Create a classroom blog to give students authentic opportunities to write, learn new tech-related skills, and experiment with a range of genres (e.g., book reviews, critique, debate).

This website is dedicated to promoting inclusive schooling and exploring positive ways of supporting students with autism and other disabilities. Most of my work involves collaborating with schools to create environments, lessons, and experiences that are inclusive, respectful, and accessible for all learners.

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Day 7: “All done” board

Posted on December 07, 2013 in Differentiating Instruction, Inclusion

There are so many benefits of having a differentiated classroom, but a challenge that may exist is managing the time and activities of your students. This is difficult in any classroom, but in the differentiated classroom where students may be using different materials, participating in different ways, and addressing different goals, the task may be even more onerous.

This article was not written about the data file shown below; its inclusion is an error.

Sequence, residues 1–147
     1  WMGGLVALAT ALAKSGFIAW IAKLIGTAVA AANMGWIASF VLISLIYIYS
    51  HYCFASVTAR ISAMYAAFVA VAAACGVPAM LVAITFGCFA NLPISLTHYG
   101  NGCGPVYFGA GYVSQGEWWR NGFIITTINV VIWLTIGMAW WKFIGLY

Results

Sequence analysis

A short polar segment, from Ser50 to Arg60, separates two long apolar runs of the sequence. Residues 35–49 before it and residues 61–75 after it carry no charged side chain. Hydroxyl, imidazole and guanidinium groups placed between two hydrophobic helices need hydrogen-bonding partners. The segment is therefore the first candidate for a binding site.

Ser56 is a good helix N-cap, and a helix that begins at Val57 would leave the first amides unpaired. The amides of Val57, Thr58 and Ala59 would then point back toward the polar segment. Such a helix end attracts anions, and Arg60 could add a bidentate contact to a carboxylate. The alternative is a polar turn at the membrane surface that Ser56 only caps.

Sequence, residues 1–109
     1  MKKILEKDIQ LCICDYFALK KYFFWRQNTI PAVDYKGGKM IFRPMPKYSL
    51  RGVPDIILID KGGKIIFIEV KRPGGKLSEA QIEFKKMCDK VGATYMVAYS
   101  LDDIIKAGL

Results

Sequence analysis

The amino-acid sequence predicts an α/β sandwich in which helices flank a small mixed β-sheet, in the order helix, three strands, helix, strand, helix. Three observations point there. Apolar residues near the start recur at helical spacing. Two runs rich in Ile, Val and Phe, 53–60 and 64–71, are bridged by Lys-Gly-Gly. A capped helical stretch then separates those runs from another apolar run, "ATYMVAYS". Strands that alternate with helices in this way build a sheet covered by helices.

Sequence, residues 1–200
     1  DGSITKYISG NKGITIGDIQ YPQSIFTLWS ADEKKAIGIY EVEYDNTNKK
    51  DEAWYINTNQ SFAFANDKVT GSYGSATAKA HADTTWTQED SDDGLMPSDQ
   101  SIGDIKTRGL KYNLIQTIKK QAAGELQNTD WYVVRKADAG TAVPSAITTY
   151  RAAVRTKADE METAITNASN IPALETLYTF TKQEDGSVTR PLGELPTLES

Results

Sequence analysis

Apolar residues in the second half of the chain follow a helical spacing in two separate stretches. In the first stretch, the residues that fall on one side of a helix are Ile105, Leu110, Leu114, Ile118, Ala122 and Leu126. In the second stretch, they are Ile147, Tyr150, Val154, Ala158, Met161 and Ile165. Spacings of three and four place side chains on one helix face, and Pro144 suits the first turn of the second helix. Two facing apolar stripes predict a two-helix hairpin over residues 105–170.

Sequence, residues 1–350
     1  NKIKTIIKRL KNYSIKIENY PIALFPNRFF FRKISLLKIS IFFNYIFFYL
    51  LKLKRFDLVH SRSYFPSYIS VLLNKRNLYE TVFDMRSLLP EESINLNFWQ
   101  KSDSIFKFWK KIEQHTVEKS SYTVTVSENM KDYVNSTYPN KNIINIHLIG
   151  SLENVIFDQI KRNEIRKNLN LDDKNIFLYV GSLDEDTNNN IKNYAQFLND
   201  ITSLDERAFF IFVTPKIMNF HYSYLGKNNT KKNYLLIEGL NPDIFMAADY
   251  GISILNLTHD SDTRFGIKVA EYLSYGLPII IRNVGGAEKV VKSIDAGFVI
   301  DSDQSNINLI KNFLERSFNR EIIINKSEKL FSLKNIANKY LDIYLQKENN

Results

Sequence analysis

All Done idea board

So, what is a teacher to do (especially one concerned about using every available minute of class time to teach and reach students)? Consider creating an “all done” choice board that incorporates the multiple intelligences, features different subject areas, and can easily be changed day to day, week to week, and month to month.

For this project, foam board seems to work best if you want your display to be portable and require the least amount of space.

Somewhere at the top, write or post your title so that students know the purpose of the board. They may panic until they see that these are not assignments for all, but choices for when they complete required work or for when alternative assignments are allowed.

We usually create four columns for language arts, math, social studies, and science and feature other subject areas within those categories so there will be choices related to art, music, technology, and other subjects too.

Sticky notes are used to create choices. This is purposeful to make the options easy to switch out at any time. Options may stay up for the entire semester or they might change from week to week or you may change only some options, keeping favorites (e.g., independent reading, exploring footage on the National Geographic website) all year long.

Teachers in upper grades may have fewer choices as all options will relate to their subject area. So a math teacher may have only four options, but rotate them regularly.

For more differentiation ideas for K-12 classrooms, get your copy of From Text Maps to Memory Caps [Paul Brookes Publishing].

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